The cleanliness of the institution is conducted with battleship thoroughness.

Only patients capable of doing so are expected to perform light duty in addition to making their own beds.

Very few patients average more than an hour’s toil a day – a very paltry equivalent for three square meals and three intermediate refreshers of milk or tea or cocoa and bread and butter.

There is an abundance of milk and vegetables produced on the estate and the solid house and garden work is carried on by paid staff.

The patients even get their laundry-work done for nothing – except, of course, starched collars and shirts.

The Children’s Cottage

Supplementary to the great hospital for adults, erected in 1891, six years after the founder had gone to give an account of the stewardship of his wealth, there was erected in 1894 the Joanna Walker memorial – a children’s cottage hospital. This lady was a sister of Thomas Walker and, as a beneficiary under his will, she was doubtless inspired by his example to dedicate an ideal cottage hospital for children.

It is a perfect gem for little sufferers, upwards of four years, and eloquent testimony as to its splendid humane service is to be found in the happy faces of the children and their nursing guardians.

In the centre of the cottage is a tiny courtyard with a fountain in the centre.

At the entrance there is a parlour with Lilliputian chairs, tables, doll-houses and toys.

Even the carpets, cushions and table covers are fashioned in designs to please the childish eye.

Need for a Gymnasium

As a health-promoting and useful adjunct to the hospital, the establishment of a gymnasium with a section on approved surgical lines is worthy of consideration.

The writer saw, at Weymouth, England, a gymnasium of this kind, which was of considerable utility in exercising the limbs of wounded soldiers and, as a fair number of surgical cases go to Walker’s, the value of such exercise would be undeniable.

The ordinary gymnasium appliances would also be of great benefit to the medical cases who simply want building up and need some inducement to engage portion of the time to physical exercises instead of lying down, reading, or aimlessly lounging about the grounds.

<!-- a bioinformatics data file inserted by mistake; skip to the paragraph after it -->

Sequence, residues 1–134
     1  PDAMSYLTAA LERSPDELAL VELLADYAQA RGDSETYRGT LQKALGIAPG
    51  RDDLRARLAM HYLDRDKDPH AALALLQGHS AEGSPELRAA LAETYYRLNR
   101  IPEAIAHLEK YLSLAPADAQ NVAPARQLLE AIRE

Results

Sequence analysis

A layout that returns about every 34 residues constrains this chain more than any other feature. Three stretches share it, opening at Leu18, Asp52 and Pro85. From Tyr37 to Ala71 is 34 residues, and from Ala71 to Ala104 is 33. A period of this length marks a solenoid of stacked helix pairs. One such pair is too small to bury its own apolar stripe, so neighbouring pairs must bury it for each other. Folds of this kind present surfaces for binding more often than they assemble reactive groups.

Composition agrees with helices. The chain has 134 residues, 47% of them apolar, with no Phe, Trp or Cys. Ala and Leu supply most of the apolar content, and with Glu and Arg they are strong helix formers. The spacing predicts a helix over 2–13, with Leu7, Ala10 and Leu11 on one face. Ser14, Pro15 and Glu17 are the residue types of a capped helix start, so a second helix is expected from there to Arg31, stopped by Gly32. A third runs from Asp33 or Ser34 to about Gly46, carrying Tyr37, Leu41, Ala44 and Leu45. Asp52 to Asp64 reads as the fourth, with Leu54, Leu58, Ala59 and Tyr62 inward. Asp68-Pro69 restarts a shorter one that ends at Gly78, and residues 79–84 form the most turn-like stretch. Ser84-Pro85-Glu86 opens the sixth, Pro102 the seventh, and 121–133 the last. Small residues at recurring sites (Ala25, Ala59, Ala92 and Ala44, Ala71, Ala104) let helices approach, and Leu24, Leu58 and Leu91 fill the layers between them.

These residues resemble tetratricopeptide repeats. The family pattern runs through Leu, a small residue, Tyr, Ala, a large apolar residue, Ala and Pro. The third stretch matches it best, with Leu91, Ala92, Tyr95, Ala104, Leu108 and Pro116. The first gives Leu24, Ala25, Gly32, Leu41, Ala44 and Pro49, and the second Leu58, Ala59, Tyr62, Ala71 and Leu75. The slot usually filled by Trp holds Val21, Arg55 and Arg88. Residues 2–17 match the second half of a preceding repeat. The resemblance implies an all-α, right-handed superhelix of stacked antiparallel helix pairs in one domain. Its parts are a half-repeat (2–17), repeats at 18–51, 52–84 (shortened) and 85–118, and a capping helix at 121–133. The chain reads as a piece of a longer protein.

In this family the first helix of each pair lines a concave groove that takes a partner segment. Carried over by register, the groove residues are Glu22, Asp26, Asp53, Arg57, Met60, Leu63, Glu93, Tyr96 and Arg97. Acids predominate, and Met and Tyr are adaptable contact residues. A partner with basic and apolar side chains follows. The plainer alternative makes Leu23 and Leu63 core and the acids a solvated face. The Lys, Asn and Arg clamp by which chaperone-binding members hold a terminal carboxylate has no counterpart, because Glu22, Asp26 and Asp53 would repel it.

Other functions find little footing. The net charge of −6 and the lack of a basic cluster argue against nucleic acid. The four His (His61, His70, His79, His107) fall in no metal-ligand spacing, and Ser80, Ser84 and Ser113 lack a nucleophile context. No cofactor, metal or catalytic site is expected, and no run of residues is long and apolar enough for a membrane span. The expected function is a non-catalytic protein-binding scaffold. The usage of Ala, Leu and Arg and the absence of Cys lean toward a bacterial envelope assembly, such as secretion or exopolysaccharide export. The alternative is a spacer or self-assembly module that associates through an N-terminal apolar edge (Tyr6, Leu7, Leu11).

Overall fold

The cost of construction would be comparatively small, and the expense of maintenance should be almost nil.

As far as actual recreation is concerned the billiard-room, with piano and games, together with a fine library, are ample for time-killing purposes, but regular exercise is a natural corollary of convalescent treatment, and saves men and women, especially those who have to live by manual labour, from getting soft and thereby suffering unduly when recommencing work.

The Staff

Matron G.F. Moberly has a splendid war record of four years. She left in 1915 and was in charge of London hospitals and did hospital-ship duty. The lady also had important duties in India, and returned to Australia in charge of the hospital-ship Castalia.

She was presented with the Royal Red Cross (1st Class) by General Birdwood. Miss Moberly is now on leave in China and her place is being worthily filled by Sister Spring, supported by an excellent staff of nurses.

Mr. Alfred Bryant of Yaralla Chambers, Pitt Street, is, and has been for years, secretary of the hospital.

The Founder and his Daughter

Thomas Walker, the founder, was originally a Melbourne merchant, and made huge investments in property in New South Wales, including Yaralla, on a portion of which the hospital stands.

He had cherished for a considerable time before his death the erection of the hospital which will immortalise his name.

Miss Eadith Walker, the only child of the founder, dislikes publicity and, in a sense of delicacy, the writer has to refrain from dealing with her important administrative work for the hospital.

Most of her benefactions are absolutely unknown to the general public. It is sufficient to say that she has lived up to the noble example of her benevolent father.

(Ed: This article was printed in the “Truth” newspaper on Sunday, 27th April, 1924. It was discovered on the Trove internet site –